The land on which Governor Carteret found the four families had been bought of some Indians on Long Island, who claimed it as their own. They gave a deed of it to John Bailey, Daniel Denton, and Luke Watson of Jamaica, Long Island, and Governor Nicolls granted a patent for it to seventy-four associates, whose descendants are numerous in East Jersey. This patent was given before Nicolls had heard of the extraordinary grant of the Duke of York; and when the governor's grantees were informed of that transaction, they resolved to assert their rights, as against the claims of the duke's friends. Some of the company went to Elizabethtown to confer with Carteret on the subject. At the head of the embassy was John Ogden, of Long Island, who had left England on the accession of Charles the Second to the throne, for he was a republican. The governor received them under the shadow of a great tulip tree on the borders of the creek, and there the conference was held. Ogden showed the Indian deed and the Nicolls grant. Carteret showed the duke's grant with his seal and signature attached. Ogden declared that Indian titles were more valid than royal titles, because the grantors were the original owners of the soil. This point was conceded, when the governor pointed to the lion in the British arms impressed upon the seal, as an emblem of competent power, intimating that might makes right. By this intimation the spirit of Ogden was powerfully stirred. Pointing to the sun as the visible presence of the Great Spirit whom all the Indians worshipped, he said: "As far above petty kings and their powers as is the sun in the heaven, now making the earth teem with abundance and beauty, above all below, so far is justice, the prime attribute of God, above might--the mere brute force that gives kingship to the lion and the eagle among beasts and birds. The Dutch acquired possession of this soil by the divine right of a just purchase from the Indians; King Charles had no right to this domain but that of a strong-armed robber. The British lion on that seal is, in this case, only an emblem of oppression and wrong, whose only warrant for injustice is his strength to conquer. In this land monarchs will yet be taught that they have no divine rights not the common property of their subjects, and that there is more strength in justice than in the sword."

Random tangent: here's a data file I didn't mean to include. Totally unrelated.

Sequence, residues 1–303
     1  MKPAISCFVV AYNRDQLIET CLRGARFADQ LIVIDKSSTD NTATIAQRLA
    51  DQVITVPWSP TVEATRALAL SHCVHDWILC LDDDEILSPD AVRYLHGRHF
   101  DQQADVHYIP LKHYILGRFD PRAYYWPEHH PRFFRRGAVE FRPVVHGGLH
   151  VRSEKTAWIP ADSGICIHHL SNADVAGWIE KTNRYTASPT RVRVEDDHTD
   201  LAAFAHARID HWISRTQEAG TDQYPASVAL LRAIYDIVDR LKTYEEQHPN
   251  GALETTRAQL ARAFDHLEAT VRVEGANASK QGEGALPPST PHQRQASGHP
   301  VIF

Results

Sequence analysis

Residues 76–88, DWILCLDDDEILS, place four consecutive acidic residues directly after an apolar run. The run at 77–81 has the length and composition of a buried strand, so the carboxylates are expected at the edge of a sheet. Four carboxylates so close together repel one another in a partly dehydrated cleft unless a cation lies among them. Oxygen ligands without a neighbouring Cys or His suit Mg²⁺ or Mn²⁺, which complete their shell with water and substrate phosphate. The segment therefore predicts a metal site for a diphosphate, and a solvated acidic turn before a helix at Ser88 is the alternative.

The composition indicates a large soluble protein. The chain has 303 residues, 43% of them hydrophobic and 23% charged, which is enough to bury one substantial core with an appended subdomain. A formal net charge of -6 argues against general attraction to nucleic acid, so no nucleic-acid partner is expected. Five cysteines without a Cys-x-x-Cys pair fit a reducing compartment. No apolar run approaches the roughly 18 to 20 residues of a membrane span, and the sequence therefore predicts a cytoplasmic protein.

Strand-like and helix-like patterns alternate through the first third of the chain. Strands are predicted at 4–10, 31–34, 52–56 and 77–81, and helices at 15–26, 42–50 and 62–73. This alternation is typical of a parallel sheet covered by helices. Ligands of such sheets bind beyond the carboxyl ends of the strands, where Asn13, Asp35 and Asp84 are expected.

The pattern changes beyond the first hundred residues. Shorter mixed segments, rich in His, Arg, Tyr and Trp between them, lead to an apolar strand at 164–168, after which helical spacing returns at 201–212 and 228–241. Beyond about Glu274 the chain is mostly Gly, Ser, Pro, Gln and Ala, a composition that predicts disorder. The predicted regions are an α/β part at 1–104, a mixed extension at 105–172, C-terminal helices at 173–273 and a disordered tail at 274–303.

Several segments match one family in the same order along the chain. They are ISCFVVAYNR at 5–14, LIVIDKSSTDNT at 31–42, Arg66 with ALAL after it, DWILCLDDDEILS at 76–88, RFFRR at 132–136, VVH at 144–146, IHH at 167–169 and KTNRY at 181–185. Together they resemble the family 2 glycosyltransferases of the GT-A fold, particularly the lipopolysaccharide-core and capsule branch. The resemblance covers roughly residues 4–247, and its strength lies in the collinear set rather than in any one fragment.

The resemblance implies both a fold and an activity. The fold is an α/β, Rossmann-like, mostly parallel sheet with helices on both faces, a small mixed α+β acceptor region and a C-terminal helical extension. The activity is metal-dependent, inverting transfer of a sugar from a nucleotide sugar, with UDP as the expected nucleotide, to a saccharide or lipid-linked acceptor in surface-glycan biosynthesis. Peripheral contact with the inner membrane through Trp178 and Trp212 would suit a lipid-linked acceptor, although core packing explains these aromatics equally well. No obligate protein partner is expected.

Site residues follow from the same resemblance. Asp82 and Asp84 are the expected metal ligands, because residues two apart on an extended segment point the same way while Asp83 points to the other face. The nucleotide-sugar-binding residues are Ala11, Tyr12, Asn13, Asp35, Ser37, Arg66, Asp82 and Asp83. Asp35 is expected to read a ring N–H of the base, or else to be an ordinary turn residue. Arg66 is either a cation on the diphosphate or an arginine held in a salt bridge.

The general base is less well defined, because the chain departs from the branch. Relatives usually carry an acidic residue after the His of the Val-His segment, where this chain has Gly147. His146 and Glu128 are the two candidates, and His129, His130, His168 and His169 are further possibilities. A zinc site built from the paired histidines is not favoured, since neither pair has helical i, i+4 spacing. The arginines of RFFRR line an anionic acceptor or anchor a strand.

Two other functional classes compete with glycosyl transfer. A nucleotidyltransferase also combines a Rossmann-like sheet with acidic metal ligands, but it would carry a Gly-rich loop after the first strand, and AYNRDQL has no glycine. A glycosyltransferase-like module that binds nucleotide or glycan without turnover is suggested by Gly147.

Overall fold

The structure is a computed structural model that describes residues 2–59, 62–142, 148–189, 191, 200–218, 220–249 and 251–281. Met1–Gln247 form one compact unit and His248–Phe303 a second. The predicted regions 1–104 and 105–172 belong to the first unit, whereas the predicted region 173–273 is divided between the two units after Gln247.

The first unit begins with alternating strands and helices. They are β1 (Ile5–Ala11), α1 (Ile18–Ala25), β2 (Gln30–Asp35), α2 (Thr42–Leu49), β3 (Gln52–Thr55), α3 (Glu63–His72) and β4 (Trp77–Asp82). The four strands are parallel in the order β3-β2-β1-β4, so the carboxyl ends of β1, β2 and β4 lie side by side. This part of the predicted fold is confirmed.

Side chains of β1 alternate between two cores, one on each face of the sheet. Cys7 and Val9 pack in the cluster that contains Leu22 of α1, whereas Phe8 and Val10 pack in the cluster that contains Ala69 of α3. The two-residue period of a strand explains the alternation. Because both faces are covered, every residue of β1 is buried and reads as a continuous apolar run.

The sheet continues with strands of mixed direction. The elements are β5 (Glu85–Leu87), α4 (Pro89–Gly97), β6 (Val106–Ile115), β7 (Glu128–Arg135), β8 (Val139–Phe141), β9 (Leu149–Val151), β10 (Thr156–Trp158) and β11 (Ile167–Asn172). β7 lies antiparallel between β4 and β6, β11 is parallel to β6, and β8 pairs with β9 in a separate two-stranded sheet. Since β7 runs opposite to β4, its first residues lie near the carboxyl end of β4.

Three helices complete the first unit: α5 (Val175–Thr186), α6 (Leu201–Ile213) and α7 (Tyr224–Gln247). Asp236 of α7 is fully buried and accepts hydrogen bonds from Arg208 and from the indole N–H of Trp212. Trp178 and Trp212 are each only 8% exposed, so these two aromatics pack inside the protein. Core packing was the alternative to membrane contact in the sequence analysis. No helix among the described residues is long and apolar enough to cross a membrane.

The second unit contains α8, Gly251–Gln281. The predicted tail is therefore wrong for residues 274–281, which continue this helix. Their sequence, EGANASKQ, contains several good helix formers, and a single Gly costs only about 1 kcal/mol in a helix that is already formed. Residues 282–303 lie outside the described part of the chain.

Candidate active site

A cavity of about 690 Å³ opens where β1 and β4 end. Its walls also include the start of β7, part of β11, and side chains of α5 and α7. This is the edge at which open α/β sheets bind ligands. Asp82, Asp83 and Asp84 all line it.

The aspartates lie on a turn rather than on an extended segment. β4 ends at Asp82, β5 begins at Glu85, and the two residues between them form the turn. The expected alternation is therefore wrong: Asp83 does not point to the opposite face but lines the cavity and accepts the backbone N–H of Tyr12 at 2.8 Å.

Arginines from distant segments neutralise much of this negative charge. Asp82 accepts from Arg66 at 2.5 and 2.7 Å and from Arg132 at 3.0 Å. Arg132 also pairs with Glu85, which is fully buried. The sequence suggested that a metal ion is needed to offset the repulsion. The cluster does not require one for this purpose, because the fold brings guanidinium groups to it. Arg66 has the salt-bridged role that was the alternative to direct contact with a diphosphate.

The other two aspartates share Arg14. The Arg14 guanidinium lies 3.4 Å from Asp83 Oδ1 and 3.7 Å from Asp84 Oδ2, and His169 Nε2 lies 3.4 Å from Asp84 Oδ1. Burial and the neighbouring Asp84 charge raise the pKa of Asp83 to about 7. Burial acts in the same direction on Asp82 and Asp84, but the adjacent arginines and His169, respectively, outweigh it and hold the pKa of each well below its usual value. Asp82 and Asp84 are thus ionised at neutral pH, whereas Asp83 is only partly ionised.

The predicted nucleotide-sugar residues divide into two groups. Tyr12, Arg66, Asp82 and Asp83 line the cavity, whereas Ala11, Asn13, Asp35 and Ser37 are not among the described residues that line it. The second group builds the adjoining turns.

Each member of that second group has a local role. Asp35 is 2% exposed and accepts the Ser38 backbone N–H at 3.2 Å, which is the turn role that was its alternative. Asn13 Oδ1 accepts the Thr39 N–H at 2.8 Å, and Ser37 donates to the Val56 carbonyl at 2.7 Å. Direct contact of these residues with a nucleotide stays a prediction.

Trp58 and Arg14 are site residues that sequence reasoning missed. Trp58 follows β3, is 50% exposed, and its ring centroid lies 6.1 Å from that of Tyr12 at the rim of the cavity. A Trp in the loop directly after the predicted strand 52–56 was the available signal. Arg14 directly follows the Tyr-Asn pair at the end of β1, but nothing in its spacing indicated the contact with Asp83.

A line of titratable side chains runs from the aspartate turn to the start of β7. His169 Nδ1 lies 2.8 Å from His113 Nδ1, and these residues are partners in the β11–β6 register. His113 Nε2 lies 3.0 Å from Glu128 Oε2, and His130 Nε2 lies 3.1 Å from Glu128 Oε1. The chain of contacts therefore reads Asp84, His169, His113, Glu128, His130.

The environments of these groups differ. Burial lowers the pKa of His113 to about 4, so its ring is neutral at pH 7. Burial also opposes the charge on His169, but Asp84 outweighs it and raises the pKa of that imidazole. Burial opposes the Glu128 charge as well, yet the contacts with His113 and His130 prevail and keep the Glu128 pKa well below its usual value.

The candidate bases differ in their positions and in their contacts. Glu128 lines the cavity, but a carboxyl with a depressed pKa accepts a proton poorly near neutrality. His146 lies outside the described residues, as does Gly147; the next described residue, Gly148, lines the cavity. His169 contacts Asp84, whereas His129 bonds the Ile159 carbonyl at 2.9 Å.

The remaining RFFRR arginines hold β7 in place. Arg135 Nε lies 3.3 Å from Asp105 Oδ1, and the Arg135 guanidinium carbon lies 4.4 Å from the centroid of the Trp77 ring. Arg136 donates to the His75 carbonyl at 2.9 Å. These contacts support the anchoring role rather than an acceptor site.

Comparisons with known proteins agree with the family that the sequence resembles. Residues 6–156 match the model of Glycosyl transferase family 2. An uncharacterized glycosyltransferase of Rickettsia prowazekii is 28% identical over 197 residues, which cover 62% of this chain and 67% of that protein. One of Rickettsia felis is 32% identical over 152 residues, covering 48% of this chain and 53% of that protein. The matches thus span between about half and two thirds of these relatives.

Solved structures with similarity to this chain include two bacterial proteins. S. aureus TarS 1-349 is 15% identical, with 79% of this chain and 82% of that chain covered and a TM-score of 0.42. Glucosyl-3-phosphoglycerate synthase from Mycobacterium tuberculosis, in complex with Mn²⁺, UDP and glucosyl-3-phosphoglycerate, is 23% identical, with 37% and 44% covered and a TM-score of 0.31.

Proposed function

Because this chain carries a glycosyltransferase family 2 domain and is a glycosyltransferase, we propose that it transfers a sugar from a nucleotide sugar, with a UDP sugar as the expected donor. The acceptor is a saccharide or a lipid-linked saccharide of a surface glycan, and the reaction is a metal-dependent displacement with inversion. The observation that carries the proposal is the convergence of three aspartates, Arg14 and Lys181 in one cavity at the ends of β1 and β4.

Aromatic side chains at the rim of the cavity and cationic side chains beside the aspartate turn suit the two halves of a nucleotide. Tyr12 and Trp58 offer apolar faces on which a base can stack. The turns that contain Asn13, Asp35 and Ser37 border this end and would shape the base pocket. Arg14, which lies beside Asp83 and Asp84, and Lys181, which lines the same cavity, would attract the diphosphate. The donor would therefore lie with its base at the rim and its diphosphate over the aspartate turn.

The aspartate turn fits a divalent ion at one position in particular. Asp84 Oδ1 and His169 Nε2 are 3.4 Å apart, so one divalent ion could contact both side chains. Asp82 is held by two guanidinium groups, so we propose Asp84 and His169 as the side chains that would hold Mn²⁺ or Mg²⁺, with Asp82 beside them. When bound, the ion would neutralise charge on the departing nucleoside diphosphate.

John Ogden was a prophet. Under that tree on the soil of New Jersey, that sturdy republican caught luminous visions of the struggles of a people with royalty for the rights of man, which, more than a hundred years after-wards, led to the dismemberment of the British empire and the founding of our free Republic. Carteret admired his spirit, but his words sounded too much like the voices of the followers of Cromwell, and he refused to hold further conference with him. "Very well," said Ogden. "We shall maintain our rights as best we may;" and he and his friends were about to depart, when the courteous governor invited them into his house to partake of refreshments. He then accompanied them to their boat at the Kills, and gave them a cordial invitation to come again as friends, but not as ambassadors.

The Long Islanders liked the good-natured governor personally, and to show their kind feeling toward him and his family, they gave the name of "Elizabethtown Associates" to their company, and to their territory the "Elizabethtown Grant." They adhered to their determination to defend their rights; and during the seven years that Philip Carteret governed New Jersey, there were frequent and severe conflicts between the "Associates" and the grantees of the Duke of York.